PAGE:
The study examined 457 samples from animals and 923 samples from the environment, and discovered 63 environmental samples that tested positive for the virus that causes Covid-19. Most were taken from the market’s western end. The Chinese authors reported in 2022 that none of the animal samples, which were taken from live, stray animals roaming the market as well as from frozen and refrigerated food for sale, were positive.
The Chinese authors only discovered a connection to humans and not to other animals when they examined the many species of DNA found in the ambient samples.
Using a cutting-edge genetic technique called metagenomics, an international team of researchers recently took a fresh look at the genetic material in the samples, which were swabbed in and around the market’s stalls. The researchers said they were surprised to find a sizable amount of DNA belonging to raccoon dogs, a small animal related to foxes. The virus that causes Covid-19 can infect raccoon dogs, who are frequently mentioned as potential hosts for the virus.
They discovered molecular proof that animals were bought and traded at the market. Although it was suspected, scientists discovered molecular proof of it. Maria Van Kerkhove, WHO’s technical lead for Covid-19, stated in the briefing on Friday that some of the animals that were there were susceptible to SARS-CoV2 infection, some of which were raccoon dogs.
This does not alter how we plan to investigate the Covid-19’s genesis. It only indicates that there is more data available, and that data must be given completely, according to her.
According to Van Kerkhove, “all possibilities remain on the table” until the global scientific community can examine further evidence. Further proof of a natural origin?
Some scholars considered the new evidence of a market origin to be at least somewhat convincing. The evidence does support a market genesis, according to Andersen, an evolutionary biologist from Scripps Research who attended the WHO meeting and is one of the researchers examining the new evidence. Andersen’s analysis was published in the journal Science.
The claims made in relation to the new data immediately generated discussion among scientists.
The new data has not yet been made available for researchers to review for themselves, according to Francois Balloux, director of the Genetics Institute at University College London, therefore he advised caution.
Balloux wrote in a thread on Twitter, “Such publications actually don’t help since they merely polarize the debate further. “Those who are sure that it has a zoonotic origin would take it as conclusive evidence for their opinion, and those who are certain that it was a lab leak will interpret the inadequacy of the evidence as attempts at a cover-up,” said the author.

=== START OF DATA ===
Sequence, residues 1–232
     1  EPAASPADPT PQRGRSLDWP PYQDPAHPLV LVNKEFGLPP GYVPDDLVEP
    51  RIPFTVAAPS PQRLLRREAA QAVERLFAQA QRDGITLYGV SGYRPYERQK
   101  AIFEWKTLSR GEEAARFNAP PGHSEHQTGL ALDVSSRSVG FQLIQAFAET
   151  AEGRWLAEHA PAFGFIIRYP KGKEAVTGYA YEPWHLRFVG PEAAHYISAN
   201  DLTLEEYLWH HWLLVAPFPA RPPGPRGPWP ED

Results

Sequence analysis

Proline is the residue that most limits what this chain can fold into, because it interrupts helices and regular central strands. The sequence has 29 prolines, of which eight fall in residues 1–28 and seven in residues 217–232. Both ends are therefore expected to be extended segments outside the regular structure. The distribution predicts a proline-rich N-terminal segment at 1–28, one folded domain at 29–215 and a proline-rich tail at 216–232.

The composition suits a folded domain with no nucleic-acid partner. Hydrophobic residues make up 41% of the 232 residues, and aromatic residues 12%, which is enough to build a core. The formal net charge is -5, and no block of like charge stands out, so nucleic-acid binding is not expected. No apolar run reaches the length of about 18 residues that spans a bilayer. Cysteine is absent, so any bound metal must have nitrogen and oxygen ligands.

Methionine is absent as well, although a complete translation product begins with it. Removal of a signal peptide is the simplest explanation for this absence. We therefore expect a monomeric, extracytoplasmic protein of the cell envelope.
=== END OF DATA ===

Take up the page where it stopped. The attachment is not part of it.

The information may be crucial in demonstrating the virus’s natural origin, according to other specialists who were not engaged in the analysis.
University of Arizona immunobiologist Felicia Goodrum recently presented an assessment of the information pertinent to the many hypotheses regarding the origin of the pandemic.
According to Goodrum, the best evidence for a natural spillover would be to find the virus that causes Covid-19 in an animal that was sold in 2019.
“Obviously, that is not feasible because neither sequencing nor time travel allow us to travel back in time, and the time sequences were obtained while no animals were present. This is the next best thing in my opinion, Goodrum wrote in an email to CNN.
The Chinese CDC researchers had submitted the sequences to GISAID as they were revising their initial research, according to Van Kerkhove, who spoke at the WHO conference. She stated that a revised version of their initial manuscript has been submitted for publication. The data from China’s CDC is being updated and expanded, according to GISAID, she said.
Van Kerkhove stated on Friday that finding the origin of the animals is something WHO would like to be able to undertake. Were they savages? Are these farm animals?
She claimed that as part of its inquiry into the pandemic’s beginnings, WHO had repeatedly requested studies from China to identify the farms where the animals originally came from. She claimed that in addition to testing animals that might have originated from farms, WHO had also requested blood work from market employees.
Dr. Mike Ryan, the executive director of the WHO’s health emergency program, urged experts worldwide who might have pertinent data to “share the data” on Friday. We will learn the answers if we let science do the work.